Rita, your "sunny" greetings from down under are very timely. We are house-bound under a beautiful, but undrivable blanket of winter snow in Bellingham, Washington. Last winter, we waited two weeks to drive into town from our rural location. Fortunately, the Internet keeps us connected to the rest of the world. Whenever I walk to the mailbox, I remember Adler's advice for walking on ice and snow. One of my students from California planned to visit today, but the roads are too icy.
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  #47  
Unread January 8th, 2005, 12:26 PM
Henry Stein Henry Stein is offline
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Default Re: Discussion of CCWAA, Vol. 3, Ch. XIII & XIV (Hallucination, Parent Education)

As Adler states in Chapter XIV, words can heal or wound a child--but mostly, words can stimulate him to think. If we assume that the small child wants to develop his physical and mental powers, then we can be an ally in that process. Issuing orders, bribing, and threatening do not stimulate a child's deeper thinking, but merely provoke his superficial cleverness to defeat his dominating adversary. Friendly, respectful questioning is generally irresistible to children, especially if they get the impression that we believe they are capable of reaching good conclusions. A series of leading questions can help a child gradually consider motives, alternatives, and consequences. A decision that he makes himself is more apt to be followed, than a demand issued by an external authority.

In this chapter, Adler also makes it clear that many parents have "unfinished emotional business" from their own childhoods that can burden and exploit their children. It is seductive for a discouraged, ambitious adult to act out their yearning for absolute power with a child in the family.

Too many of the Adlerian child guidance programs in North America emphasize the child's discouragement, misbehavior, and mistaken goals, but generally ignore addressing the impact of the mistaken goals of parents. Many years ago, Hugh Missildine, wrote a book titled Your Inner Child of the Past. He delineated several dysfunctional parenting styles: over-indulgent, over-submissive, over-coercive, excessively responsible, perfectionistic, neglecting, rejecting, punitive, hypchondrical, and sexually stimulating. Although Missildine was not an Adlerian, his ideas fit Adler's principles of encouragement, respect, and equality.

Most parents want their children "to behave," and teachers want their students "to cooperate." What they often mean is that they want the children to "be obedient." They look for strategies to control children, rather than win them, and may even distort some of the Adlerian child guidance principles (like logical consequences) to suit their objective. Parent educators who are not trained psychotherapists, have little potential for recognizing and correcting many of the dysfunctional parental attitudes.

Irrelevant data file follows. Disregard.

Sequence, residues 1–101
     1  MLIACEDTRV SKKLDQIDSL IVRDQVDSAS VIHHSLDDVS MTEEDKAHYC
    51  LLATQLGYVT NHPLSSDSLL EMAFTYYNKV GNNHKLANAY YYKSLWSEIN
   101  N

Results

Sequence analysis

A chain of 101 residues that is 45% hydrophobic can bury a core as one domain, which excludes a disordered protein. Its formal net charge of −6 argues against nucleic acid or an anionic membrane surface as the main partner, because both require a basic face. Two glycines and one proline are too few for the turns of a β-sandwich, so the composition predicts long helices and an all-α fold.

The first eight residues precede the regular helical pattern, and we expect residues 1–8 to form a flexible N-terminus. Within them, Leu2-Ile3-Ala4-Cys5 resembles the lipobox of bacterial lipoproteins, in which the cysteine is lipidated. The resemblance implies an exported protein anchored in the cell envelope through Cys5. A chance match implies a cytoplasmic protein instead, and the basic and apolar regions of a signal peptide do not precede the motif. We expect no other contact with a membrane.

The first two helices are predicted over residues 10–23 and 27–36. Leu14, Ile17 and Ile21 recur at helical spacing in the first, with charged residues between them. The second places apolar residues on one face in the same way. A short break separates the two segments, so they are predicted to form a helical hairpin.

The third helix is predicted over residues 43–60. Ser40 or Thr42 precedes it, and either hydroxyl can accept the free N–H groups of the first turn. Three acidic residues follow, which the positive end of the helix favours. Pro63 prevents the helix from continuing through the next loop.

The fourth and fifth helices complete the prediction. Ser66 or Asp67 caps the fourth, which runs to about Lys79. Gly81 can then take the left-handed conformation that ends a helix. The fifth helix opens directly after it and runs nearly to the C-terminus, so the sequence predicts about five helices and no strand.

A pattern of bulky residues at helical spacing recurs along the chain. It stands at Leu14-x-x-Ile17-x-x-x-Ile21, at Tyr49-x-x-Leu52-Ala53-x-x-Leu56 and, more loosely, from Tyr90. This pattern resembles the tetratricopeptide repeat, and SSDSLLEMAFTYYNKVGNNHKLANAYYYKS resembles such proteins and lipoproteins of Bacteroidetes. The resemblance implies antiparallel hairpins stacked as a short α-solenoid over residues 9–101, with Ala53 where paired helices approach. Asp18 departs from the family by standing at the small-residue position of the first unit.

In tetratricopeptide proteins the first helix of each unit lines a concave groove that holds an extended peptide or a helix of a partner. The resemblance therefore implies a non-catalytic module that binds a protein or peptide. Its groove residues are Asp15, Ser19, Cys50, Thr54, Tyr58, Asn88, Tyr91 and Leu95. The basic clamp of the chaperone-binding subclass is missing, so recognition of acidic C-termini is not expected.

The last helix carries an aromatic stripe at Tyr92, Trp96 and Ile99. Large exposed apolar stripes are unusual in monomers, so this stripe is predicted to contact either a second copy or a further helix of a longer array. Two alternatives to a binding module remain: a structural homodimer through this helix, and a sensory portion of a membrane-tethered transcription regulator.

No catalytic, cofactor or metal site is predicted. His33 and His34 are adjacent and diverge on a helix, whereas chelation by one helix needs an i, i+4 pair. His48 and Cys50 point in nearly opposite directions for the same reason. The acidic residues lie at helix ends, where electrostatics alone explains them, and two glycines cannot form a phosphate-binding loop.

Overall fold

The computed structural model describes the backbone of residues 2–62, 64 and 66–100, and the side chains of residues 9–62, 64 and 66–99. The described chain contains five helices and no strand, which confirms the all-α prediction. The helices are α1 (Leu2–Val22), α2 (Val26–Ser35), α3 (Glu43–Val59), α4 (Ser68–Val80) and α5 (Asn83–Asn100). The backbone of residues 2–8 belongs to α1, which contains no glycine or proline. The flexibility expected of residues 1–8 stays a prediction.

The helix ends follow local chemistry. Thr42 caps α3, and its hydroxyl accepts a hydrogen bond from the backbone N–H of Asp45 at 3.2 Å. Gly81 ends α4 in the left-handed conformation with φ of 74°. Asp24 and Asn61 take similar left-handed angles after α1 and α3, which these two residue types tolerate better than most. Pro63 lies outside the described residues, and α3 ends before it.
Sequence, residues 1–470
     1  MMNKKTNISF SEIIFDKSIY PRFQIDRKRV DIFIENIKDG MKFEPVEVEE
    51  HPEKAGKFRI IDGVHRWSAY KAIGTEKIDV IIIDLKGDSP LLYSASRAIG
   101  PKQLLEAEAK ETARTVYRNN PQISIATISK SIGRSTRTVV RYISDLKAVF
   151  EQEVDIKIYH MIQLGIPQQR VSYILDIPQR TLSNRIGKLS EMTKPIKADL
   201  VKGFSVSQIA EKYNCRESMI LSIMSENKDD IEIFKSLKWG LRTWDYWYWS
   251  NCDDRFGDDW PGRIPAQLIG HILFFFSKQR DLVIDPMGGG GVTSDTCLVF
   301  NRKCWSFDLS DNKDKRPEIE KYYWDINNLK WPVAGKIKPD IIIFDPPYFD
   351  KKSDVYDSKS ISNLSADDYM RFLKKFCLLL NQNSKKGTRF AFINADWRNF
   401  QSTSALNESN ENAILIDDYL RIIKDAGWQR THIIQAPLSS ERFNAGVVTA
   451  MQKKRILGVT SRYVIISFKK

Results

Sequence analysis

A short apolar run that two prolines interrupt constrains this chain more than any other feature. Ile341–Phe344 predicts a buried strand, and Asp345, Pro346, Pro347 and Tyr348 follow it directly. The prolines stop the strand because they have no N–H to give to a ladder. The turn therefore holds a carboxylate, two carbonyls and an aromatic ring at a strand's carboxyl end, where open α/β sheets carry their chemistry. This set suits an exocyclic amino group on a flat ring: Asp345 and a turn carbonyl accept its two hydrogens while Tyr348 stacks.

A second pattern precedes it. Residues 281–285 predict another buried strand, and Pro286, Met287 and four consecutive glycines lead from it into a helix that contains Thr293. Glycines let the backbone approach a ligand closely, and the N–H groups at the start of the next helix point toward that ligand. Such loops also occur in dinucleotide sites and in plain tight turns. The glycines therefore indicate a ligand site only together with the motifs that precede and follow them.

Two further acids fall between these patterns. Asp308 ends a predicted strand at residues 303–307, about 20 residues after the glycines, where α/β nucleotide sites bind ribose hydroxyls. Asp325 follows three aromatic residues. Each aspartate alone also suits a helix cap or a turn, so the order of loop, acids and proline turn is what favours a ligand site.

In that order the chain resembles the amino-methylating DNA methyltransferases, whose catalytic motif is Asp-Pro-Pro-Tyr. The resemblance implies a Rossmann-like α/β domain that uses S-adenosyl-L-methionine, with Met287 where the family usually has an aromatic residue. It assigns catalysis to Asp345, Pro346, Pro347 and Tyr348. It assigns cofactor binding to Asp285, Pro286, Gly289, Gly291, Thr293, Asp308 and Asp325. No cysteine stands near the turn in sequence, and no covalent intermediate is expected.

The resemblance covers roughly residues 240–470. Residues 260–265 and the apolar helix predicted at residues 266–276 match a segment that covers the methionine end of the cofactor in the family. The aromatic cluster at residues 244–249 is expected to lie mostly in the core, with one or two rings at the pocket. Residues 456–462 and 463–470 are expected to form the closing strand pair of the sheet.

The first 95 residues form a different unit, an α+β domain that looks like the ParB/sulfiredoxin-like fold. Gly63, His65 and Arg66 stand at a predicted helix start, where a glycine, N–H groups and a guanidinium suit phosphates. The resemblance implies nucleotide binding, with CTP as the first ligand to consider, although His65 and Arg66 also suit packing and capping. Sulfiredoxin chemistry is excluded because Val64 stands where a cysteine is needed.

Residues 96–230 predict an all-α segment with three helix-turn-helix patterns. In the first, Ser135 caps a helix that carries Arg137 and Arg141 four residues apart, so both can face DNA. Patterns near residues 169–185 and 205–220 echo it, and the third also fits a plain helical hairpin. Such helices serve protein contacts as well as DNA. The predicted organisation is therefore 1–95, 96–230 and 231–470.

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  #48  
Unread January 9th, 2005, 10:03 AM
George Neeson George Neeson is offline
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Default Re: Cumulative Discussion of CCWAA, Volume 3, Chapters I-XII

OK I'll bite. What advice did Adler give about walking on ice and snow? That's a new one to me.
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  #49  
Unread January 9th, 2005, 10:59 AM
Henry Stein Henry Stein is offline
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Default Re: Cumulative Discussion of CCWAA, Volume 3, Chapters I-XII

I can't find the published source of this advice for walking on ice or light snow, so it may have been through Sophia de Vries. At any rate, it works for me. Make each step a very gentle, downward movement and keep up a slow, smooth, consistent forward movement. (Imagine walking lightly on egg shells.) Of course, the best advice, is not to walk on ice. However, I am open to any other techniques for negotiating a slippery surface.
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  #50  
Unread January 9th, 2005, 10:13 PM
Henry Stein Henry Stein is offline
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Default Discussion of CCWAA, Vol. 3, Chapt. XV & XVI (Root and Treatment of Neurosis)

On January 10th, we will begin a discussion of The Collected Clinical Works of Alfred Adler, Volume 3, Chapters XV & XVI. The following chapter summaries were prepared by Manu Jaaskelainen.

Chapter XV, on "Organic Substrata of Psychoneuroses", is a paper on the development of the neurotic character. This paper was written (1912) after the first edition of "The Nervous Character" (see CCWAA, Vol. 1) was published. In this paper, Adler defines the neurosis as unconsciously set goal that springs from a tendency for compensation or security (p. 107). In the paper, Adler refers to Vaihinger (final fictions), Henri Bergson (élan vital) and Ludwig Klages (expressive movements as a means of personality diagnosis). A detailed criticism of Freud's libido-concept is presented here. What Adler feels is important in neurosis, is the unconsciously created life-style, or guiding idea, not any sexual fixations. In spite of its title, the paper argues very strongly for the psychological origin of the neurotic character. Organic substratum tends to remain gradually more on the background.

Chapter XVI, "Individual Psychological Treatment of Neuroses", is a paper on psychotherapy. The chapter has following sections: A) Inferiority feelings and compensation, B) The arrangement of the neurosis, C) The psychic treatment of neurosis. Adler tells that the "understanding the language of symptoms that has become the primary prerequisite for a successful psychotherapeutic treatment." (p. 117). The client may have problems because he/she wants to go in contradictory directions. In section B, Adler argues that the personality ideal is formed by a tendency to be superior. The goal of superiority is a hindrance because it makes objective assessment of the life-situations impossible. In section C, Adler says that the task of changing the client is mainly a task for the client. He/she bears the responsibility for himself/herself.

To prepare for a discussion of Volume 3 of "The Collected Clinical Works of Alfred Adler," order your copy at http://go.ourworld.nu/hstein/cwaa-v3.htm.